Classroom is recipe for COVID-19 spread

Every day hundreds of student helpers, teachers, and paraprofessional cycle in and out of special education classes across Utah. 

One Alpine School District teacher said this could eventually lead to a super-spreader event. 

The teacher, who asked not to be identified out of fear that she would face consequences from the school district, said her special needs classroom, and others like it across the state, are COVID19 time bombs waiting to explode. She said teachers and peer tutors are constantly lifting, cleaning, and assisting her special needs students – kids who have compromised immune systems and won’t always wear their masks. 

 She said student-volunteers are at risk of giving or getting COVID-19, then spreading it into the larger community. 

 The teacher added that as many as 25 to 30 students cycle into her classroom every day, then return to class, then home, then to the larger community.

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AMEXCAN, NC Latino COVID-19 task force working to stop the spread and educate

PITT COUNTY, N.C. (WNCT) – The NC Latino task force includes local and state health workers and members of community groups. Its members are looking at how to increase testing, connect people to resources, and prepare for flu season.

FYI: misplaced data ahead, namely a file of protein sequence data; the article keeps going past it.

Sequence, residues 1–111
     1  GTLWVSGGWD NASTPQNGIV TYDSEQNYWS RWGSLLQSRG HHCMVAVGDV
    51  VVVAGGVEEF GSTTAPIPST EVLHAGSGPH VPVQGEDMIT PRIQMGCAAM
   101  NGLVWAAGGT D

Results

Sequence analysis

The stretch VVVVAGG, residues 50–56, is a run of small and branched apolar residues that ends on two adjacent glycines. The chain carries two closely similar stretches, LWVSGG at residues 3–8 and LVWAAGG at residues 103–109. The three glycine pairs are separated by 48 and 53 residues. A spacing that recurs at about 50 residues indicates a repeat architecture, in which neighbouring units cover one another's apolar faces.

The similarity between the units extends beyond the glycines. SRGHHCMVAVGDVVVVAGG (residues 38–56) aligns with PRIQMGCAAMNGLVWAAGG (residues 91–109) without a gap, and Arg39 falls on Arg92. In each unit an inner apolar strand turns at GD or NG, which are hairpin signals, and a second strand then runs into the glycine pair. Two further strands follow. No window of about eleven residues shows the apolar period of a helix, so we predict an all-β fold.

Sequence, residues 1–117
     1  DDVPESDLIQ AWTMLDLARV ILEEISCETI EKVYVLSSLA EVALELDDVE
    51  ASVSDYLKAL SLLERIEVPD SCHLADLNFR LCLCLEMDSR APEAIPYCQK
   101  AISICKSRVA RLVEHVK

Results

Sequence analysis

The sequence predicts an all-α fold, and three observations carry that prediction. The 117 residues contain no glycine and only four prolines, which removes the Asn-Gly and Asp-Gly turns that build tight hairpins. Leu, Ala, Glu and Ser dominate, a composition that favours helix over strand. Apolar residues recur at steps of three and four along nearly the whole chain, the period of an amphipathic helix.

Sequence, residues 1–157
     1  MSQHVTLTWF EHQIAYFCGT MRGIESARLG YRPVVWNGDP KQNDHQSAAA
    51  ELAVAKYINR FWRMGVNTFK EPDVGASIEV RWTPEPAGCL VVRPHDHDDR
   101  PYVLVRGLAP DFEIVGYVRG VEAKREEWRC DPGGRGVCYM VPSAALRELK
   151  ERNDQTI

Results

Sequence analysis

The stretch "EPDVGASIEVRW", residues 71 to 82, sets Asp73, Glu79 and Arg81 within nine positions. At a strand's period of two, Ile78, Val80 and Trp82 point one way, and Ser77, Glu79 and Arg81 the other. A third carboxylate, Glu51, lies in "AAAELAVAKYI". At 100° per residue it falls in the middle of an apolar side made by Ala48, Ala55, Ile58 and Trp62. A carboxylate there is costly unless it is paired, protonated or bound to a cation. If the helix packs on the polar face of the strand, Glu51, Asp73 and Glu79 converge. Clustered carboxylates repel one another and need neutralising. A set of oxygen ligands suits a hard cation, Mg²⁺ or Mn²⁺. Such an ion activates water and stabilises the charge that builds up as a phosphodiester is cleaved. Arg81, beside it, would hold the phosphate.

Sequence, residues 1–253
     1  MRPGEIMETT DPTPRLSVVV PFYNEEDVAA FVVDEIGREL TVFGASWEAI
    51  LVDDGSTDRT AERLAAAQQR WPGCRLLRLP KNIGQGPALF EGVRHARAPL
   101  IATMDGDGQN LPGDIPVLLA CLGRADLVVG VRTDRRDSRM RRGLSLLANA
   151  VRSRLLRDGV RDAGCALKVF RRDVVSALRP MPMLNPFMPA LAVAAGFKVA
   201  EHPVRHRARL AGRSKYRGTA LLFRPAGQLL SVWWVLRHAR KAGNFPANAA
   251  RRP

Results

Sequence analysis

“Our testing numbers have been low when we’ve done community outreach,” said Tracey Simmons-Kornegay, Duplin County Health director.

Organizations across the East are joining forces in the fight against COVID-19 especially in the Latinx community.

“Even if we’re not involved, we’re willing to help you guys do whatever you need to do to get testing for the Latinx community,” said Dr. Charlene Green, American Anesthesiology of the Southeast.

The Association of Mexicans in North Carolina holds weekly meetings on COVID-19 efforts across the East. Local health officials give updates on case growth and testing, and outreach events.

“We were in Orange County last Friday and it really was an amazing event.

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